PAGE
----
Meanwhile, bond issuers remain in good health, although tax collections have weakened, and recent budget gaps are making news. Still, when the economy eventually starts to slow, we think governments are equipped to withstand it, whether with their high “rainy day” reserves, budget flexibility or both. Rainy day funds are substantially higher than where they were prior to the global financial crisis and the 2020 pandemic recession. This credit strength is generally why issuer ratings upgrades have outpaced downgrades for six consecutive quarters—and defaults are rare.
Moreover, we believe any recession in the cards will be much milder than global financial crisis and the 2020 pandemic shutdown. For example, in the less severe recession of the early 2000s, municipal credit spreads for BBB-rated bonds peaked at narrower levels than where BBB municipals are trading today. This means municipal credit spreads may not have to widen substantially should we enter a recession.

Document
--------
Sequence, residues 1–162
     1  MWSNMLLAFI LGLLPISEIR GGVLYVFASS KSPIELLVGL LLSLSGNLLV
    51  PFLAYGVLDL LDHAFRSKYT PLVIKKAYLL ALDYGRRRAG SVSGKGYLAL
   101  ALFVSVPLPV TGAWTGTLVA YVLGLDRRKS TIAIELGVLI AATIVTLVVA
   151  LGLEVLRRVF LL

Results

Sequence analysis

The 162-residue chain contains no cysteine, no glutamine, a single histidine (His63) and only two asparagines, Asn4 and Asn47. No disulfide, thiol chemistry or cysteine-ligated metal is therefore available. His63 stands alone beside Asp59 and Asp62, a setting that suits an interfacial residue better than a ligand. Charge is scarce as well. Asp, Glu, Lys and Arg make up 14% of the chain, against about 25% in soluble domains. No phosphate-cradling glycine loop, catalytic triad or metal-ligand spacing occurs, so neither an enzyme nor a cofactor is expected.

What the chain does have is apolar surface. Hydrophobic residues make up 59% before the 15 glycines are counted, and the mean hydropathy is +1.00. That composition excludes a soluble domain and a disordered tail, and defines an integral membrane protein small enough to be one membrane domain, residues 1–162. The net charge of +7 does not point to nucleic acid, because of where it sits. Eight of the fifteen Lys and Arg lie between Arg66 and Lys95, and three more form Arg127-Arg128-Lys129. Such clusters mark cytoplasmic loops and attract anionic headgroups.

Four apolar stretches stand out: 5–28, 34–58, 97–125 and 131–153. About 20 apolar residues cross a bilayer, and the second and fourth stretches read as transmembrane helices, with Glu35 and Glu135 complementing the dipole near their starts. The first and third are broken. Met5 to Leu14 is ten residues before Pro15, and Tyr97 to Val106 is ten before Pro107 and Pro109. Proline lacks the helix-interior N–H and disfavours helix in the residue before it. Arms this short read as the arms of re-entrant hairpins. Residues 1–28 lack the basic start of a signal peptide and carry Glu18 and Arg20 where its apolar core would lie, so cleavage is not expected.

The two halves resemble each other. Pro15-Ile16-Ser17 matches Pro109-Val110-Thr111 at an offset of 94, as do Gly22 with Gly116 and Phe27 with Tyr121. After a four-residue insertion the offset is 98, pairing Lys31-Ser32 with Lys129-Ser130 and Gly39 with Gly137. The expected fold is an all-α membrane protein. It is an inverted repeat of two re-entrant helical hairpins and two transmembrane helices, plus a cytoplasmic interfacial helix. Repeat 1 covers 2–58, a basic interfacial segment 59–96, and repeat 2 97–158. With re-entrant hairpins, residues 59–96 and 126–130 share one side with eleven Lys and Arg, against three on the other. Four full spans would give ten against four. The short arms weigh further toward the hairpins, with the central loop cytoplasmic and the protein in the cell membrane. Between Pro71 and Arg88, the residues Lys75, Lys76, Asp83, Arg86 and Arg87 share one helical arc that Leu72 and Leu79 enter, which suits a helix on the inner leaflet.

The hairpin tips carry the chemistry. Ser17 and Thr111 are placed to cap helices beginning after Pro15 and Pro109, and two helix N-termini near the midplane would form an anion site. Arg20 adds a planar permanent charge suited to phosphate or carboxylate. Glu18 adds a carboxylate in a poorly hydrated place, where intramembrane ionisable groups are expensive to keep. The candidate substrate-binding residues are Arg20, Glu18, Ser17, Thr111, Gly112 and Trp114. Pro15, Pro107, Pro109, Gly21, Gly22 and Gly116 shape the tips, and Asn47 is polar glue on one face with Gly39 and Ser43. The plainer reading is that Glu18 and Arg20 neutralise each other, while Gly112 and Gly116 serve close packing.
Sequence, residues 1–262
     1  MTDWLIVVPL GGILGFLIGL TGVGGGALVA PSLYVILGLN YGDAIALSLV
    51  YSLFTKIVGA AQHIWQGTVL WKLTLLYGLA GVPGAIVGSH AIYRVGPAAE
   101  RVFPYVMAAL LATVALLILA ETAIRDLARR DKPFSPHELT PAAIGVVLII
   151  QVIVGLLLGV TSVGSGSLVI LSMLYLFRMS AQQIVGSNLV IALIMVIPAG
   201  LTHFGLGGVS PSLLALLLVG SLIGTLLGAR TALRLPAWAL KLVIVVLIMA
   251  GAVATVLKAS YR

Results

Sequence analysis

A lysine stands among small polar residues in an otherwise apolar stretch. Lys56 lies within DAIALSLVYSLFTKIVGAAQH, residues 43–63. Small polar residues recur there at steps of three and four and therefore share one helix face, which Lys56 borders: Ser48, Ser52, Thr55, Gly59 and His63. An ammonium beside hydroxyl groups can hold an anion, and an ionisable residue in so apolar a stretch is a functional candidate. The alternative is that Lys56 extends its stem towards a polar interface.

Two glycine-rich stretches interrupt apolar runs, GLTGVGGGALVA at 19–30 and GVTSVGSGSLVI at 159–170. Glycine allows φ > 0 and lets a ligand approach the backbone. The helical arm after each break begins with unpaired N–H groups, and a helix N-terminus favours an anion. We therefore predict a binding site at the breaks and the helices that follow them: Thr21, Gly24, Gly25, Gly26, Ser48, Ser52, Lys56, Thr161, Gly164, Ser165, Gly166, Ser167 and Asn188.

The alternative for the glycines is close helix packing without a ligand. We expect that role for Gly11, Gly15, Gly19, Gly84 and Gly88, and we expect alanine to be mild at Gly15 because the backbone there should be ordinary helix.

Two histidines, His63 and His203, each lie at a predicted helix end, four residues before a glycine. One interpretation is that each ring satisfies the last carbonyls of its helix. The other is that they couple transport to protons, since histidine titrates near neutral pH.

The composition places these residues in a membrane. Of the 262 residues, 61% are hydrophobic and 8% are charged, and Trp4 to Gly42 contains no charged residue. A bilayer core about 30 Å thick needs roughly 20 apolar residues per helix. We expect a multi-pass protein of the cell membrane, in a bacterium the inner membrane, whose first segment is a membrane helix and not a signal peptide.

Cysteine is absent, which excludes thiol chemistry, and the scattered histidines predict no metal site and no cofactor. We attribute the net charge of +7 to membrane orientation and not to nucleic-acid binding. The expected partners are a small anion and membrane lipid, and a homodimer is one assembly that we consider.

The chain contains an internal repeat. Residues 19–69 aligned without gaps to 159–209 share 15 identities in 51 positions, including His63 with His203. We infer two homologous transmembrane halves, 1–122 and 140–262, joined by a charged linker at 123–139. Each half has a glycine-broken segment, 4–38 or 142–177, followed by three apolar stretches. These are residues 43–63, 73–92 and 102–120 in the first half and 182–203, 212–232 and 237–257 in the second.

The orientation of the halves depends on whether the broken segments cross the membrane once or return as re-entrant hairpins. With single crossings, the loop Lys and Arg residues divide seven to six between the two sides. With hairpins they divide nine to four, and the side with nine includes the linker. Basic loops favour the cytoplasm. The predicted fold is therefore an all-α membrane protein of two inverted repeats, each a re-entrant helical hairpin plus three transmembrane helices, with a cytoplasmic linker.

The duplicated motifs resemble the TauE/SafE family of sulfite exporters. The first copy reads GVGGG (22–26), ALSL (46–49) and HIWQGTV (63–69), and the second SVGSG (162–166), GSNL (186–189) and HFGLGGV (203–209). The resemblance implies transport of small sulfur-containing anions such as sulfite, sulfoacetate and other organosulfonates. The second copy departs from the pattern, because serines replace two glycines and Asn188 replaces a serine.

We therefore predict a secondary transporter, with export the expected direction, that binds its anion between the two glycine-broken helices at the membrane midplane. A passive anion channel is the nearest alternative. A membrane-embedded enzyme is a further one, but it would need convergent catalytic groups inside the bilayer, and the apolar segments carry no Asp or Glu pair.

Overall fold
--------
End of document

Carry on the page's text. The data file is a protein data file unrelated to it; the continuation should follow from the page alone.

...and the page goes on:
As the year progresses, we expect market conditions to improve, but investors should expect some bumpiness along the way. Below, we address these challenges and opportunities.
Six Strategies for Flexibility in 2023
Even with a more encouraging backdrop, we expect volatility in the near-term. Portfolios should be flexible to opportunistically position in a dynamic market. But we also expect the upward pressure on yields to ease as inflation moderates and the economy slows during the year. Muni investors will need to leverage the market’s many tools as conditions shift.
- Look to municipal credit. Mid-grade and high-yield muni spreads widened significantly in 2022. Spreads for BBB-rated munis, for example, tripled to 150 basis points by year-end. Today, muni credit offers not only extra yield, but also the potential for a relative price boost as the bonds’ spreads narrow versus AAA-rated municipals. Wider spreads in sectors such as healthcare and toll roads are especially appealing, but careful research and issuer selection will be important, since 2023 could present an economic downturn.
And while credit can significantly boost income potential, it doesn’t necessarily add significant risk, since issuer fundamentals remain strong. In fact, defaults are rare, as are ratings downgrades, even during recessions. That’s why we believe demand will soon turn positive for mid-grade and high-yield credit. In our view, both are likely to outperform in 2023.